Background
Pless, Vera was born on March 5, 1931 in Chicago, Illinois, United States. Daughter of Lyman and Helen (Blinder) Stepen.
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(A complete introduction to the many mathematical tools us...)
A complete introduction to the many mathematical tools used to solve practical problems in coding. Mathematicians have been fascinated with the theory of error-correcting codes since the publication of Shannon's classic papers fifty years ago. With the proliferation of communications systems, computers, and digital audio devices that employ error-correcting codes, the theory has taken on practical importance in the solution of coding problems. This solution process requires the use of a wide variety of mathematical tools and an understanding of how to find mathematical techniques to solve applied problems. Introduction to the Theory of Error-Correcting Codes, Third Edition demonstrates this process and prepares students to cope with coding problems. Like its predecessor, which was awarded a three-star rating by the Mathematical Association of America, this updated and expanded edition gives readers a firm grasp of the timeless fundamentals of coding as well as the latest theoretical advances. This new edition features: A greater emphasis on nonlinear binary codes An exciting new discussion on the relationship between codes and combinatorial games Updated and expanded sections on the Vashamov-Gilbert bound, van Lint-Wilson bound, BCH codes, and Reed-Muller codes Expanded and updated problem sets. Introduction to the Theory of Error-Correcting Codes, Third Edition is the ideal textbook for senior-undergraduate and first-year graduate courses on error-correcting codes in mathematics, computer science, and electrical engineering.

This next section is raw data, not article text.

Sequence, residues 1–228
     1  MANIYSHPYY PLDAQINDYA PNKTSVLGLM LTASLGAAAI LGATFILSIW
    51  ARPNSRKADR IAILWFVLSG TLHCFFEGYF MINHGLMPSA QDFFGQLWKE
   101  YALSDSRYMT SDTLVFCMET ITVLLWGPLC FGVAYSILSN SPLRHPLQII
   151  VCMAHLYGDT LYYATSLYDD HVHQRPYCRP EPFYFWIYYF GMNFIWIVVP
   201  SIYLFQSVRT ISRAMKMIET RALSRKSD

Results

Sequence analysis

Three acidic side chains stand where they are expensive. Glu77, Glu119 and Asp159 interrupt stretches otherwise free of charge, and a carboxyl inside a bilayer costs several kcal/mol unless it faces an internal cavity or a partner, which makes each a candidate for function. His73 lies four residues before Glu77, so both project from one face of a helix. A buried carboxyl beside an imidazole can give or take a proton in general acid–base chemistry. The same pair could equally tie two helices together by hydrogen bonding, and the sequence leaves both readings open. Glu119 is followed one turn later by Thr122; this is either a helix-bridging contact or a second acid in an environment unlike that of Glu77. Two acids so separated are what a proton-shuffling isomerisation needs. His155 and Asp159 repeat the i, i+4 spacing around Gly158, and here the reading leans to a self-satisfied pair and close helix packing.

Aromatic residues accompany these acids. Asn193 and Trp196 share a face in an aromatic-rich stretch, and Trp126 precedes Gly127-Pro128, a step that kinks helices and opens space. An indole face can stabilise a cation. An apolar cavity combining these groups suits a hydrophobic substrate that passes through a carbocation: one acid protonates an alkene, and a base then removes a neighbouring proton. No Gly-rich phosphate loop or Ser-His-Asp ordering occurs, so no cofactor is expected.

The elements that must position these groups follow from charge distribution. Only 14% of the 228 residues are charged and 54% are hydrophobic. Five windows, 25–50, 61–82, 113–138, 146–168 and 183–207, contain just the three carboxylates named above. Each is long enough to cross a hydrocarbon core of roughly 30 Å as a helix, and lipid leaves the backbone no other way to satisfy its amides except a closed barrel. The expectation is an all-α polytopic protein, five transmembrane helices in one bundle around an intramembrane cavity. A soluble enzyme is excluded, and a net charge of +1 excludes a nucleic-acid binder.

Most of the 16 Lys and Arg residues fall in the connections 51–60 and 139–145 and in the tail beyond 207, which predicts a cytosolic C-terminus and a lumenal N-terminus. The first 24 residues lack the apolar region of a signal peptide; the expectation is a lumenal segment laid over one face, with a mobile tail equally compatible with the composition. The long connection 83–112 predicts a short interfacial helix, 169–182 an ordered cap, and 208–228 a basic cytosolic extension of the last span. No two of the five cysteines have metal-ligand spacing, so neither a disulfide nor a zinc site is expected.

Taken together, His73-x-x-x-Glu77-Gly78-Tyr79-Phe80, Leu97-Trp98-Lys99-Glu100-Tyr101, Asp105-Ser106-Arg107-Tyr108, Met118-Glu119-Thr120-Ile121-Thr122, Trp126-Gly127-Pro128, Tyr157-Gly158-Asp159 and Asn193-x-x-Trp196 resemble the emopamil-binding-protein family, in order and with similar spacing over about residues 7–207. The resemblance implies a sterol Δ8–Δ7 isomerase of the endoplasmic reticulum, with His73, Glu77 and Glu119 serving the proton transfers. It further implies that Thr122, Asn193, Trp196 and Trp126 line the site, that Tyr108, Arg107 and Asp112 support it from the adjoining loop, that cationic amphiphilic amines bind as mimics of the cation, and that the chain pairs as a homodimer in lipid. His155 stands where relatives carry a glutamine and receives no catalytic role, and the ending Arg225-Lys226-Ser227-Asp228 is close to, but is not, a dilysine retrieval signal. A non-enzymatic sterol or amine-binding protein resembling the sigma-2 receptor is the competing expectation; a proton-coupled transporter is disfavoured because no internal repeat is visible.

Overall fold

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Mathematics and computer science educator
Pless, Vera was born on March 5, 1931 in Chicago, Illinois, United States. Daughter of Lyman and Helen (Blinder) Stepen.
As a teenager, she was more interested in playing the cello than in mathematics, but she left high school two years early to go to the University of Chicago, and finished her studies there in three years. Her husband became a professor at the Massachusetts Institute of Technology. Pless moved with him to Massachusetts, where she completed her doctorate from Northwestern in 1957 under the supervision of Kaplansky's student Alex F. T. W. Rosenberg, soon before the birth of her first child.
She is professor emeritus at the University of Illinois at Chicago. Two years later, bored with being a stay-at-home mother, Pless began teaching courses at Boston University, and a few years later began searching for a full-time job. Unable to obtain an academic position, she took a position at the Air Force Cambridge Research Laboratory in Massachusetts. where she began working on error-correcting codes.
During this time she helped to found an organization called Women in Science and Engineering, and at one point was president. She stayed at AFCRL from 1963 until 1972. A regular visitor and inspiration during this time was Harvard mathematician and cryptographer Andrew Gleason.
When the Mansfield amendment banned the military from performing basic research, she moved to the Massachusetts Institute of Technology, where she worked as a research associate for Project MAC. She returned to Chicago in 1975 as a full professor of Mathematics, Statistics and Computer Science at the University of Illinois at Chicago. She retired in 2006. X.
(An introduction to the theory of error-correction codes, ...)
(A complete introduction to the many mathematical tools us...)
Member American Mathematics Society (chair nominating committee 1984), Mathematics Association American, Institute of Electrical and Electronics Engineers (Board of Governors 1985-1989), Association Women in Mathematics.
Married Irwin Pless, June 15, 1952 (divorced 1980). Children: Naomi, Benjamin, Daniel.